We actually use our rice cooker more often to cook polenta or as a steamer.

                                                        3. re: Passadumkeg

                                                          Yes, you will have to recalibrate your brain when cooking at attitude. I lived there (Santa Fe) for several years, after living in California and had to readjust what I did by rote in CA to NM time. Baking was a challenge to say the least. But you'll love it, wait for fresh Hatch chile pepper roasting season coming up shortly after you get there.

                                                          1. re: lrostron

                                                            Thanks, I used to live on the shoulder of Mt. Taylor where I still own 7 acres of land. It is at 9000 ft. Baking was a challenge . I'm returning to where I began teaching 39 years ago to the month. (Damn! I sold my 5 acres outside Sante Fe, 25 years ago to buy my first house in Maine.) I am a chile addict.

                                                            1. re: lrostron

                                                              "Yes, you will have to recalibrate your brain when cooking at attitude"

                                                              An amusing but mostly profound typo.

                                                              1. re: EWSflash

                                                                Must of been Freudian on my part ... not a good day at work that particular day, full of attitude (or altitude?).

                                                          2. re: mcel215

                                                            beautiful! Thanks I'm changing my rice ways. 2-1 ratio 20 minutes doesn't work for me/

                                                          3. re: Passadumkeg

                                                            I agree. I've been getting much more consistent results after having reduced the about of liquid I use from my previous 2:1 ratio.

                                                            Also, thanks for reminding me about using a dish towel - I had been doing that, but I think at one point I didn't have a clean towel and used aluminum foil instead. - Then I just sort of forgot about the towel method and kept on using the aluminum.

                                                            1. re: Bryan Pepperseed

                                                              Yeah, 2:1 has never really worked for me, and I couldn't understand for a long time why my rice was always soggy and gross. I don't entirely understand why 2:1 seems to be the widely quoted ratio. I usually do 1.75 cups of water for one cup, or 3.25 for two. That's for jasmine rice though-I still haven't mastered brown rice. It's on my list.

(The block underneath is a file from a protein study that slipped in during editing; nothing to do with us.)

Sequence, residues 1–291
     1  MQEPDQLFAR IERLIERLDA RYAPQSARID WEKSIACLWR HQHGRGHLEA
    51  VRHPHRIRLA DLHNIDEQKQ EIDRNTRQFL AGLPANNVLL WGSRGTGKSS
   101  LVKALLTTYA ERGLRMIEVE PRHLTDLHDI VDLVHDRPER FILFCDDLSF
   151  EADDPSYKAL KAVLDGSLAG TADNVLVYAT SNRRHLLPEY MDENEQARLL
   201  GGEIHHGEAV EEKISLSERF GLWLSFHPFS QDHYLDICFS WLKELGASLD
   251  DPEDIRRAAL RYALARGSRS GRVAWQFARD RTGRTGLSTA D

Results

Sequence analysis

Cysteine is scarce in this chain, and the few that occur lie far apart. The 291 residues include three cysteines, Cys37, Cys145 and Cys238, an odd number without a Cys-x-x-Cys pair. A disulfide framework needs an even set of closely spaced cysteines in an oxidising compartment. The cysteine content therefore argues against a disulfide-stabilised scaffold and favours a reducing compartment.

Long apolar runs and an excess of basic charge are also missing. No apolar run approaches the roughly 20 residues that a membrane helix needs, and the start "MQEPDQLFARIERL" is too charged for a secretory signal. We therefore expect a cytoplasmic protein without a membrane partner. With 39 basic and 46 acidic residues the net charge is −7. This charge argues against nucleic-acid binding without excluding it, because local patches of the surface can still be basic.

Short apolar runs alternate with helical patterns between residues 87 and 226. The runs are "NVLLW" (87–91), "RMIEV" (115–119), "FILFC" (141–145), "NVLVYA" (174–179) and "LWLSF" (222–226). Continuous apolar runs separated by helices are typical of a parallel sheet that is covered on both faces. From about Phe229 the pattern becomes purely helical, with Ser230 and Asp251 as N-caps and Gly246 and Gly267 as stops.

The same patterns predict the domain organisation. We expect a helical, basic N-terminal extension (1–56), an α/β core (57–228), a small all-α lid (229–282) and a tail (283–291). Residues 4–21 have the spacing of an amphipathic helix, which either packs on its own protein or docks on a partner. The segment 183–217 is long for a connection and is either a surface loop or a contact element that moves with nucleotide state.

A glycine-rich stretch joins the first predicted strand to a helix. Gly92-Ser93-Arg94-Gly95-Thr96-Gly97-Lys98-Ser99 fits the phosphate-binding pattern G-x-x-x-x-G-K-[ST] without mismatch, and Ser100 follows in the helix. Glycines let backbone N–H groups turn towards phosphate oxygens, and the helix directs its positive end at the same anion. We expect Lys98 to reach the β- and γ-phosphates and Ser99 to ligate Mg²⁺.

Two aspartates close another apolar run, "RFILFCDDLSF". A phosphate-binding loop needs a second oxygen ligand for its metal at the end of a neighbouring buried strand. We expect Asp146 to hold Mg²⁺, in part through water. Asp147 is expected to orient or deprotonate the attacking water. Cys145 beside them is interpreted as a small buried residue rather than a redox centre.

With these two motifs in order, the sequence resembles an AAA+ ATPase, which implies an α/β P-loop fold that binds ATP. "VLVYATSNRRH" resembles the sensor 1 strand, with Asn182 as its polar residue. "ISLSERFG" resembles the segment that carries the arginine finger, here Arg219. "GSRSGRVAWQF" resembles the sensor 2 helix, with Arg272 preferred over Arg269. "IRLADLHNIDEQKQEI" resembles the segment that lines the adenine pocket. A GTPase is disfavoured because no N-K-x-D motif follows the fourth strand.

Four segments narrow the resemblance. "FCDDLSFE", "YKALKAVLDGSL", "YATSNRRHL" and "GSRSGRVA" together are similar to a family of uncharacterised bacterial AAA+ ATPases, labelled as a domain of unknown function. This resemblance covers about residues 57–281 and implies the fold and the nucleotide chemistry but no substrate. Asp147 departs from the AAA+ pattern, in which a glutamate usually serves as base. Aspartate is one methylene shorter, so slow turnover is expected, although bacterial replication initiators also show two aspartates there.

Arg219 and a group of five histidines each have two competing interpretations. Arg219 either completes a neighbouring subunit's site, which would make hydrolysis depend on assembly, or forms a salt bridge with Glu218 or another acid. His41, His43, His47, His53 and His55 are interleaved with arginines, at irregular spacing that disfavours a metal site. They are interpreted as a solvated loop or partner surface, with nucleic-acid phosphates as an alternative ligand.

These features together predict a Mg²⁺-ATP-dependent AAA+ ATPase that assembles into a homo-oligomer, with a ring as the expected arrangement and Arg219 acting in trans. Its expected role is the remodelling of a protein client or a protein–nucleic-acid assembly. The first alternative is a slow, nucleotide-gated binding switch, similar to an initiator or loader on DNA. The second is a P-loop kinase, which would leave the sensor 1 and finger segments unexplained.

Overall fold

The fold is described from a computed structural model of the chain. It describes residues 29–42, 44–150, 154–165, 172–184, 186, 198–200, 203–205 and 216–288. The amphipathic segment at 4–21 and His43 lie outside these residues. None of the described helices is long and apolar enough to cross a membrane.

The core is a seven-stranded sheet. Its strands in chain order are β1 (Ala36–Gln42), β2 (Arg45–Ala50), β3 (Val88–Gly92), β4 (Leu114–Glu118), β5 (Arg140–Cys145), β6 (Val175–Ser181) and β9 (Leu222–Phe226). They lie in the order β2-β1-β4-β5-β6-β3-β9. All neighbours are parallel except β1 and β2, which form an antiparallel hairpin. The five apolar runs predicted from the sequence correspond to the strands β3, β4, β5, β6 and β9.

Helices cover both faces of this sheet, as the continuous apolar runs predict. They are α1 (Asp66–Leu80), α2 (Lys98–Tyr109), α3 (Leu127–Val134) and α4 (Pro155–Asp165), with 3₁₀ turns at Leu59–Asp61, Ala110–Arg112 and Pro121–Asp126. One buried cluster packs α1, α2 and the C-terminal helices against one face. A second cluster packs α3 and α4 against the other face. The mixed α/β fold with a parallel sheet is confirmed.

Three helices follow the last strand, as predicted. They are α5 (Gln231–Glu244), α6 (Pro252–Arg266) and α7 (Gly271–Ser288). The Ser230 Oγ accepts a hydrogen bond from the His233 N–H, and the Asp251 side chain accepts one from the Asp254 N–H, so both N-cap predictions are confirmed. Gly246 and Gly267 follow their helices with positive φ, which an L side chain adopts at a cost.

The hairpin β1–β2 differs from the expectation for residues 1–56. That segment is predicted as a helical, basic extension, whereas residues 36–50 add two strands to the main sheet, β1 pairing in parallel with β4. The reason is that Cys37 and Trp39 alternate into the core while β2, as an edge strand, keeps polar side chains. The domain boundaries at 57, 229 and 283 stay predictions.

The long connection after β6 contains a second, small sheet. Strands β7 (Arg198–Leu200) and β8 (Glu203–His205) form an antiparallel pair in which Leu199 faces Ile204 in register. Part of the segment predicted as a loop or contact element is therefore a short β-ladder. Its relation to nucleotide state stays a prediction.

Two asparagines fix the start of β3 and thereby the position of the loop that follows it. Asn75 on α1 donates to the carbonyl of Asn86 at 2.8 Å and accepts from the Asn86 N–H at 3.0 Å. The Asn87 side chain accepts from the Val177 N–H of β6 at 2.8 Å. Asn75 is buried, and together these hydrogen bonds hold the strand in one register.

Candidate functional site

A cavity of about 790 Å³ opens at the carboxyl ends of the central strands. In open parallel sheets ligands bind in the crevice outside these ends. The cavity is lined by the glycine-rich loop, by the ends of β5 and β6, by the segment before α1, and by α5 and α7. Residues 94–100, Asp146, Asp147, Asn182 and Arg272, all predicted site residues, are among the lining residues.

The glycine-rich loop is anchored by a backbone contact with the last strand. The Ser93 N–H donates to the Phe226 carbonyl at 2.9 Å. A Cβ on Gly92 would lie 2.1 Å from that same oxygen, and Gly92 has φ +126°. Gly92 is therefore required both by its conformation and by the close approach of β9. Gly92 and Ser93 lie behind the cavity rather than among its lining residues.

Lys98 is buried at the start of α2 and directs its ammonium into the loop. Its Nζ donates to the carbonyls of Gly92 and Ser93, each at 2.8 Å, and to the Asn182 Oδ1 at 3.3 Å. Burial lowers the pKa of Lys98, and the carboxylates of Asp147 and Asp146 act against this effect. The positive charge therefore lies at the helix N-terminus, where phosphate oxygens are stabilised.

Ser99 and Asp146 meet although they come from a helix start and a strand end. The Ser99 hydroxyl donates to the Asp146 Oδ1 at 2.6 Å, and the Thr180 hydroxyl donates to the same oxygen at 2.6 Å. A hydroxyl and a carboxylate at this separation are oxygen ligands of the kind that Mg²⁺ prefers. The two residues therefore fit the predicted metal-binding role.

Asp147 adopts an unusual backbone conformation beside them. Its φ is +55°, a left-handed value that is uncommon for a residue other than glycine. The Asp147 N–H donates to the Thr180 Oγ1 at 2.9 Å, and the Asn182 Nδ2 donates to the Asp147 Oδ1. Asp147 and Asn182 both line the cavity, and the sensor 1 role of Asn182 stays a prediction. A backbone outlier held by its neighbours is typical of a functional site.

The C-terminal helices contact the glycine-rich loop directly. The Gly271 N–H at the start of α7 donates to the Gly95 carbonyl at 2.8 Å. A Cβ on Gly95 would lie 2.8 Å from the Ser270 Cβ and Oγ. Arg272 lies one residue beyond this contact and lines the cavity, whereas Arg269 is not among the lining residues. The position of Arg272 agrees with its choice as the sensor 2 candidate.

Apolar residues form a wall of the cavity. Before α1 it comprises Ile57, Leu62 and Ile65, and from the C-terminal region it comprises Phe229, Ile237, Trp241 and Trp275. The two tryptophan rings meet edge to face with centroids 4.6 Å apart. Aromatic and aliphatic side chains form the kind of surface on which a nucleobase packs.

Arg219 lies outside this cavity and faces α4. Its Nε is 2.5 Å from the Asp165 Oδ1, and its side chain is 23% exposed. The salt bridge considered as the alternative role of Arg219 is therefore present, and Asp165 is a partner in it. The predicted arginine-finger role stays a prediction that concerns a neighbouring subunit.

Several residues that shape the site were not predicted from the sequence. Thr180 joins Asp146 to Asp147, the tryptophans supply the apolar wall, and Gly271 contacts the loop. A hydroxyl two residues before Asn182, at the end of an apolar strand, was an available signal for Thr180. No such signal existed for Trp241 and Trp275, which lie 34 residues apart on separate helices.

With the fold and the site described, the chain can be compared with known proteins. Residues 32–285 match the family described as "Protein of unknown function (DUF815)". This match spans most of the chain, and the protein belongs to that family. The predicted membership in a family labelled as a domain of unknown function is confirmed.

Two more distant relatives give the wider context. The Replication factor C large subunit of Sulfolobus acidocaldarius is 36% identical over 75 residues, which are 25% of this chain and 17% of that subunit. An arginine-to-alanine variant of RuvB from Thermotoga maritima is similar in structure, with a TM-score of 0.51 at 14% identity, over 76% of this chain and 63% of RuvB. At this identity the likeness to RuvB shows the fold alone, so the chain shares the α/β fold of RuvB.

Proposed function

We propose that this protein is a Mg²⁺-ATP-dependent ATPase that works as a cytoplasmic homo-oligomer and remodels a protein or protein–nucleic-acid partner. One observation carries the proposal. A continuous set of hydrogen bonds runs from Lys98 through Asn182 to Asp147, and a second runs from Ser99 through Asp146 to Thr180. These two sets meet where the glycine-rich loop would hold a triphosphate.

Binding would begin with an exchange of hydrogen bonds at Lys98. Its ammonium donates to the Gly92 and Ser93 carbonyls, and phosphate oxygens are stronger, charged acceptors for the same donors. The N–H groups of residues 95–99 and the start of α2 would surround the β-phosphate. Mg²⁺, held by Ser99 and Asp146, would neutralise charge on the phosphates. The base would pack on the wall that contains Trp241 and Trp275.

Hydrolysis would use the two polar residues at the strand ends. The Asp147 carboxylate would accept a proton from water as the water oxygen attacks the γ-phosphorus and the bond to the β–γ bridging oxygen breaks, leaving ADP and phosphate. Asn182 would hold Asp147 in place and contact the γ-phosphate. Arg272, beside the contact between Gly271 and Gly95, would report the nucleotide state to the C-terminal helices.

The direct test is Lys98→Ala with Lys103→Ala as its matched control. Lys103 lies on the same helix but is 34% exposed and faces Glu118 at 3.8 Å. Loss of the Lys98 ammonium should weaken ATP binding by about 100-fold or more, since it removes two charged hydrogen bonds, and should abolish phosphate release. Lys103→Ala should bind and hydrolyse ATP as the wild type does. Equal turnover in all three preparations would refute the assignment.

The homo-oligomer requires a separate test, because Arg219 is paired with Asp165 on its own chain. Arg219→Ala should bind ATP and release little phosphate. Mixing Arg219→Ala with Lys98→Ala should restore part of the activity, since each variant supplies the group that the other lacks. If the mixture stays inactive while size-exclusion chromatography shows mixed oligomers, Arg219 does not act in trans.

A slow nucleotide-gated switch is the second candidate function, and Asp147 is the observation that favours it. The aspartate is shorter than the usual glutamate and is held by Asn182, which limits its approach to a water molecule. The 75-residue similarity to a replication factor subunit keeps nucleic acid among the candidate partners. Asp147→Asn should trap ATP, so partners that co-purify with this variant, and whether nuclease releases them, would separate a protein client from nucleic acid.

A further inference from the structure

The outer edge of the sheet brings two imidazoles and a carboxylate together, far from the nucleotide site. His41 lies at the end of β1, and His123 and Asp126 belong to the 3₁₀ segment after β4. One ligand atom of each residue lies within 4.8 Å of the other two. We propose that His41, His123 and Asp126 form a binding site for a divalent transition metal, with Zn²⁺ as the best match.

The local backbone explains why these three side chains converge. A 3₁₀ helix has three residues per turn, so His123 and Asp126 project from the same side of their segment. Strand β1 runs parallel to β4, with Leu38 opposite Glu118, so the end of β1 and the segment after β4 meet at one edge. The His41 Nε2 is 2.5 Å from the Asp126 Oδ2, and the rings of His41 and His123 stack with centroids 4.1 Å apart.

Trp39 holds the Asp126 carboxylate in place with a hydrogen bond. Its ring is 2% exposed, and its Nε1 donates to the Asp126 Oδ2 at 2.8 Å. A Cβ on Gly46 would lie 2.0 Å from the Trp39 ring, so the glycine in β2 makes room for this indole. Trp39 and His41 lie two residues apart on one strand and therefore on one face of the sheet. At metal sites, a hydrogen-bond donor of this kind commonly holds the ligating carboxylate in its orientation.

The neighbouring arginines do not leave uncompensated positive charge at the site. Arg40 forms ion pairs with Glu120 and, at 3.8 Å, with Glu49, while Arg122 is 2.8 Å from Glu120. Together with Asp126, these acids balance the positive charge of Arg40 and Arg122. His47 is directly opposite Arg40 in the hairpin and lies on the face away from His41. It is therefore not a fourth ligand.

4. re: mcel215

                                                            I thank you very much. I will try this in the next few days. First, however, I have to buy rice (my skills are so weak that I don't even keep the foul grain in the house). Is there a remedial type I should select?

                                                            You know, if this works, I can stop having to serve stir fry over couscous or soba noodles (or even worse, buying rice from the Chinese restaurant in town - Can you imagine how pathetic it feels to just buy a pint of white rice? I actually ordered a couple of egg rolls on one occassion , though I had no interest in eating them, simply to mitigate the embarassment!).

                                                            1. re: MGZ

                                                              I have used clay pots for rice cooking, but mostly rely on rice cookers because they are very easy to use and I can have it cooks rice while I am cooking the other dishes. Get yourself a decent rice cookers, follow the instructions and then play around with it a bit. I am sure it will work out.

                                                              1. re: MGZ

                                                                I use a very inexpensive (I think, lol!), from my local Indian store. The brand is Dehraduni and it's Basmati, 4lbs, @ $5.99.
                                                                But, I used to buy a box of basmati at the grocer's, don't remember the brand.
                                                                And have fun! If it takes you one to two times to get the feel of it, don't worry.
                                                                You will have dry, fluffy rice soon ~ :)

                                                            2. re: MGZ